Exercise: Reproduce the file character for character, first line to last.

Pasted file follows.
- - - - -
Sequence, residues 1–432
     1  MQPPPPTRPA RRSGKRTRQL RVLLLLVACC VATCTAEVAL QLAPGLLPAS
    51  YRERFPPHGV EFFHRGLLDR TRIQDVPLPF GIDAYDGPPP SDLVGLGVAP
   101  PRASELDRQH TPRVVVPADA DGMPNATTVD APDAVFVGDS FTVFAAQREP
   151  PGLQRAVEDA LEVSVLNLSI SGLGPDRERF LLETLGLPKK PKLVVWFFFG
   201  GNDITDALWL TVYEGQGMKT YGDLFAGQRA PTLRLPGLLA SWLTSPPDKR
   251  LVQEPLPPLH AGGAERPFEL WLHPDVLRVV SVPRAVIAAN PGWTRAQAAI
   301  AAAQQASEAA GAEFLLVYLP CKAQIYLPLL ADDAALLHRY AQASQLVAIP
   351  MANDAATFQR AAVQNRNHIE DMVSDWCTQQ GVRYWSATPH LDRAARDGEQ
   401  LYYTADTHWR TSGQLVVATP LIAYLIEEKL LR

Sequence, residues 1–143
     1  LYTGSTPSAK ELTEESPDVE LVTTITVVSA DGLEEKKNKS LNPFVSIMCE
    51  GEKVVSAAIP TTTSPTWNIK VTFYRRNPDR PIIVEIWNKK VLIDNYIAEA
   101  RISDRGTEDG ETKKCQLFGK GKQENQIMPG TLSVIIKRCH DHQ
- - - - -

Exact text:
Sequence, residues 1–432
     1  MQPPPPTRPA RRSGKRTRQL RVLLLLVACC VATCTAEVAL QLAPGLLPAS
    51  YRERFPPHGV EFFHRGLLDR TRIQDVPLPF GIDAYDGPPP SDLVGLGVAP
   101  PRASELDRQH TPRVVVPADA DGMPNATTVD APDAVFVGDS FTVFAAQREP
   151  PGLQRAVEDA LEVSVLNLSI SGLGPDRERF LLETLGLPKK PKLVVWFFFG
   201  GNDITDALWL TVYEGQGMKT YGDLFAGQRA PTLRLPGLLA SWLTSPPDKR
   251  LVQEPLPPLH AGGAERPFEL WLHPDVLRVV SVPRAVIAAN PGWTRAQAAI
   301  AAAQQASEAA GAEFLLVYLP CKAQIYLPLL ADDAALLHRY AQASQLVAIP
   351  MANDAATFQR AAVQNRNHIE DMVSDWCTQQ GVRYWSATPH LDRAARDGEQ
   401  LYYTADTHWR TSGQLVVATP LIAYLIEEKL LR

Sequence, residues 1–143
     1  LYTGSTPSAK ELTEESPDVE LVTTITVVSA DGLEEKKNKS LNPFVSIMCE
    51  GEKVVSAAIP TTTSPTWNIK VTFYRRNPDR PIIVEIWNKK VLIDNYIAEA
   101  RISDRGTEDG ETKKCQLFGK GKQENQIMPG TLSVIIKRCH DHQ